You mean satellite dishes are popping up everywhere and the people are getting barraged by external culture?

Not only satellite dishes but you had the UN there for 18 months, two years, people from 153 different countries on earth, bringing with them all sorts of different ideas and different cultural aspirations.

And you also had really a dual economy set up for some time, so you had some East Timorese who were being employed by the UN or by international NGOs who were paid very flash salaries. There were then other East Timorese, the majority, who missed out on that, and so overnight really, there was a very strict class differentiation that was set up and that has long term problems I think.

That's gone now though. Is everyone back to normal or is there still a lot of that dualů?

It's gone but there is still a dual salary regime and there is still a perception that the United Nations has its role to play. And it's not until we see the complete withdrawal of the UN that we'll know whether or not East Timor is a sustainable democracy and economy, being such a small country in this part of the world.

Talking about this part of the world, Australia has, over the last few years, taken this tough stance on what is known as the Border Protection Policy. How are we perceived when you travel to Indonesia and to other parts of the world?

We are perceived as a first world country that used to be fairly decent on these matters. We've moved from that status to being a first world country that is fairly indecent. I think, on this issue, we are seen in the region to be quite hypocritical and for very good reason: namely that the argument that the Australian government continues to put is that anyone who turns up here in a leaky boat is not a refugee who is directly fleeing from persecution but rather, even if they be a refugee, our government argues they could always get protection in a country closer to where they fled from and so what they're seeking is a migration outcome in coming to Australia.

And so Australia has attempted to isolate itself from the phenomenon of refugee flows around the world arguing that anyone who turns up in a leaky boat is not to be treated prima facie as a refugee but rather someone who is trying to jump the queue.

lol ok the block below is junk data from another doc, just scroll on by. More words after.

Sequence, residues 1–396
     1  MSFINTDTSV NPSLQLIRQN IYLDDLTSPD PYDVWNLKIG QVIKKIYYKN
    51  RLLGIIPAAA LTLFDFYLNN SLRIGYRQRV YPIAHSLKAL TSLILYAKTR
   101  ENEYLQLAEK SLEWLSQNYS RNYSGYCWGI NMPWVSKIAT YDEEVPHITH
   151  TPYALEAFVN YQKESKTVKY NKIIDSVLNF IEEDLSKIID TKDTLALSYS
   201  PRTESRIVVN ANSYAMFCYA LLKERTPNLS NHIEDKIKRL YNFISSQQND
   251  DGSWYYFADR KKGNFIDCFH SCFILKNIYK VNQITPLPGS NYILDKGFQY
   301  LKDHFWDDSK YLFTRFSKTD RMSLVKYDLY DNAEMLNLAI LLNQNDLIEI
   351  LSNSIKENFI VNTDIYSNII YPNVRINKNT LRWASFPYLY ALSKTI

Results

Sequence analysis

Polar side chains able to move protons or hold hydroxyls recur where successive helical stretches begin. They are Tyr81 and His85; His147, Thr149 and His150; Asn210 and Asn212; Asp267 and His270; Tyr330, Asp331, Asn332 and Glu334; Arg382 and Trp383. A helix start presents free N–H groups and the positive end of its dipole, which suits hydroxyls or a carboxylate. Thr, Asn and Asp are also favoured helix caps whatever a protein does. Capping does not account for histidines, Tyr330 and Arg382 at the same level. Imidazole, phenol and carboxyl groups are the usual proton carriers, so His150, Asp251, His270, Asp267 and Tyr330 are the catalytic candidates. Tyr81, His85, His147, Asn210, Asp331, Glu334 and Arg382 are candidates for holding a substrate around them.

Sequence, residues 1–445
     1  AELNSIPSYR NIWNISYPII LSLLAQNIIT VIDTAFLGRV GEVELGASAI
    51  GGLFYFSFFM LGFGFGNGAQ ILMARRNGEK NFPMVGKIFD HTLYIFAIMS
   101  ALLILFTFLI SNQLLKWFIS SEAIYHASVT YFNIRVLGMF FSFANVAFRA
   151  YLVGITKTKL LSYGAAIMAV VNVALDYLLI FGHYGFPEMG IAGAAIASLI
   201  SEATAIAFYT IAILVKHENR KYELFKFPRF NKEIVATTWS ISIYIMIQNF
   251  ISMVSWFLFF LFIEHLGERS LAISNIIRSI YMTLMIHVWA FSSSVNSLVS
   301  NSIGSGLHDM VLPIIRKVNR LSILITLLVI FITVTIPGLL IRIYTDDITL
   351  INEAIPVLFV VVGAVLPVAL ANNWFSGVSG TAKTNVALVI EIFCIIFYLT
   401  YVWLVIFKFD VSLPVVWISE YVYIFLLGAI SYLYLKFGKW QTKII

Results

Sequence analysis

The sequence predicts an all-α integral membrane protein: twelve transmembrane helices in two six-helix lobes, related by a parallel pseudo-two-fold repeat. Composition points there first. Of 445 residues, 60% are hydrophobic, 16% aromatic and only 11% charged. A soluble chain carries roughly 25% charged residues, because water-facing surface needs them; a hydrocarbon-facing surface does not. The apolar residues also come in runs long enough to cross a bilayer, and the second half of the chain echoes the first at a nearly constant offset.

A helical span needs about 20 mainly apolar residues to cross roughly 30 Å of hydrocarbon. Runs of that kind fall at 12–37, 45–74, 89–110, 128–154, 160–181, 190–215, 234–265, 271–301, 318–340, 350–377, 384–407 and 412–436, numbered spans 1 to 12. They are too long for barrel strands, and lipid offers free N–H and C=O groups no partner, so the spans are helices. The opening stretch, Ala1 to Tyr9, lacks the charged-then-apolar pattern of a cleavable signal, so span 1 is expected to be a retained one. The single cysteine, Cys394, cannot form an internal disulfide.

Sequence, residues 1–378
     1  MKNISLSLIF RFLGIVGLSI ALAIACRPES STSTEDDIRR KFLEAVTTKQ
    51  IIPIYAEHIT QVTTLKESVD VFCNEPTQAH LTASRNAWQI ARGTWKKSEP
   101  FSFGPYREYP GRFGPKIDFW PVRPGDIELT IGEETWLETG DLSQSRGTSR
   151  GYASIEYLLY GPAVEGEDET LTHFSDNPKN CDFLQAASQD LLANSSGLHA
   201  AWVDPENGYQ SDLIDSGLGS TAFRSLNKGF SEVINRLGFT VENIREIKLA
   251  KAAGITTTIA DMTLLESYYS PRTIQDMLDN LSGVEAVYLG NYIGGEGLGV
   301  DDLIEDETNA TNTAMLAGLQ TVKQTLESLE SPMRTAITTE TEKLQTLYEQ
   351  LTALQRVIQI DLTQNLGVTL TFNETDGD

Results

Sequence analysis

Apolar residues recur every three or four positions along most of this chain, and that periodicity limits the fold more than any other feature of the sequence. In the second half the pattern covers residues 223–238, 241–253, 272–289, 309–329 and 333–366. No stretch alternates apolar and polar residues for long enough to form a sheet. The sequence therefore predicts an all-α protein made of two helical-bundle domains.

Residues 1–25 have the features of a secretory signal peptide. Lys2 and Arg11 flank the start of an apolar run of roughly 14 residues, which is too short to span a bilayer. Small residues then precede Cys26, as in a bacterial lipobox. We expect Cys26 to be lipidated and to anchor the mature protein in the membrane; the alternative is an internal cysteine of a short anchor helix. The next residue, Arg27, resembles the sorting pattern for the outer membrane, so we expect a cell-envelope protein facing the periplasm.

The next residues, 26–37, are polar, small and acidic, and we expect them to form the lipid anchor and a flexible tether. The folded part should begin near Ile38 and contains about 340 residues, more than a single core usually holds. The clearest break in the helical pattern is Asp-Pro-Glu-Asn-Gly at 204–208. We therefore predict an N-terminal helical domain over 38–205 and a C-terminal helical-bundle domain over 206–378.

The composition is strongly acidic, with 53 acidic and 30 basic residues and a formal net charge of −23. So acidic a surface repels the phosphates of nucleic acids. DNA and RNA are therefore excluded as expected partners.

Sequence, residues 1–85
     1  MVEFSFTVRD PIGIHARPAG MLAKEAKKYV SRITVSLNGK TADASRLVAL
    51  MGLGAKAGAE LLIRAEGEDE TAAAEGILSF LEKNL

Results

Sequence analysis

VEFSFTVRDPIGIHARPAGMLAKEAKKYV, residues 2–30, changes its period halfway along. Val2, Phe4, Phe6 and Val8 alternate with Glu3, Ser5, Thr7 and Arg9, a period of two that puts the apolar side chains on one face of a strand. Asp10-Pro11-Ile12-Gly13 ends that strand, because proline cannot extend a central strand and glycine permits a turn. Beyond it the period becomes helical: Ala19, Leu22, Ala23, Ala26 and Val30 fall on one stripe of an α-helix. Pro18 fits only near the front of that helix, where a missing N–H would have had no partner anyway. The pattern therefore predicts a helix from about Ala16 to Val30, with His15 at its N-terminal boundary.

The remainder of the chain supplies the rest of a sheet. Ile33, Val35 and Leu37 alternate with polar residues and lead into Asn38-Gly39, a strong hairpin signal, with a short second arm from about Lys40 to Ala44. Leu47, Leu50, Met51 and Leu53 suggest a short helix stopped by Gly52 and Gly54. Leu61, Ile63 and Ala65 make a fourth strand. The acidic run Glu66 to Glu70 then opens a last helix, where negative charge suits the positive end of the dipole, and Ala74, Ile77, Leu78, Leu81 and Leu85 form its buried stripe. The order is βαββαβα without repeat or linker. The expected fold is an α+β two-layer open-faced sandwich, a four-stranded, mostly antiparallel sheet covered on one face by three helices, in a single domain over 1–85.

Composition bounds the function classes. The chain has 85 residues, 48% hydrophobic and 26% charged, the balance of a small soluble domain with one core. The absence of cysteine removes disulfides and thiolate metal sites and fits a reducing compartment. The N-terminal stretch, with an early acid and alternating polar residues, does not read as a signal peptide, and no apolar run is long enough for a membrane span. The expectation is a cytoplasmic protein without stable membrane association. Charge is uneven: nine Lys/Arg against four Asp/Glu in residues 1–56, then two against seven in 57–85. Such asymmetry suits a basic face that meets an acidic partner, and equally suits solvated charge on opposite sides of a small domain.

This thing about queue-jumping, is there a queue? Can you go to an Australian embassy in Vietnam and say, "I'd like to join the queue to become a refugee'?

When we have a wave of boat people they always come from countries where there's a major implosion, and when you have that, refugee flows are like throwing a stone into a pond, you'll get ripples everywhere, and we Australians have to accept that some of them will turn up on our shores.

Now if you look, for example, at what happened in Afghanistan, yes we had an office that was open in Islamabad, but once things got too tough then the people were told, 'Sorry, we've closed the queue in Islamabad. If you want to present yourself in Bangkok then you can join the queue there but you'll have to understand that business has become a bit more brisk and so you might have to wait a while.'

So the argument about queues is really a delusion and what we have to accept is that of course people who are desperate will use what resources they've got in order to get to first world countries where they hope they might get some permanent protection, particularly when they're looking for protection for their kids.

I'll play devil's advocate just for one moment.


There has been some suggestion that some of the people who have been turning up here have been really quite evil, they've been burning down the refugee centres. They may have been people that we didn't want. So how do you deal with that?

How you deal with that is if people do commit serious criminal offences then yes, you don't give them refugee status. But what we have to accept is that if we look at the flow of people who came, for example, the Iraqis who have turned up in leaky boats, 97 percent of them were proved to be refugees, eventually, but meanwhile we kept 100 percent of them, including the children, in detention.

This is the problem. If you keep people in detention, even once you've decided they're not a security threat, they're not a health threat and once you've established their identity, there is no basis for continuing to keep them in detention and they know there's no basis for that, they know it's very unfair and they know in Australia it's very high politics, so of course these detention centres, at times, have blown up. But that's to be expected when you have such an unjust policy.

Well, thank you very much for your time, Father Brennan. I imagine you'll be continuing to work in justice. Where's the next area?

What I'd be hoping to do is much more work in what I call the Australia Indonesia East Timor triangle because I think this triangle throws up every possible conception you could have of intercultural and interreligious perspectives on human rights. I think we, as neighbours, have much we can learn from each other.

I hope we can learn some more from you next time you come on our program. Thanks for your time.

Thank you. Good to be with you.

 print this page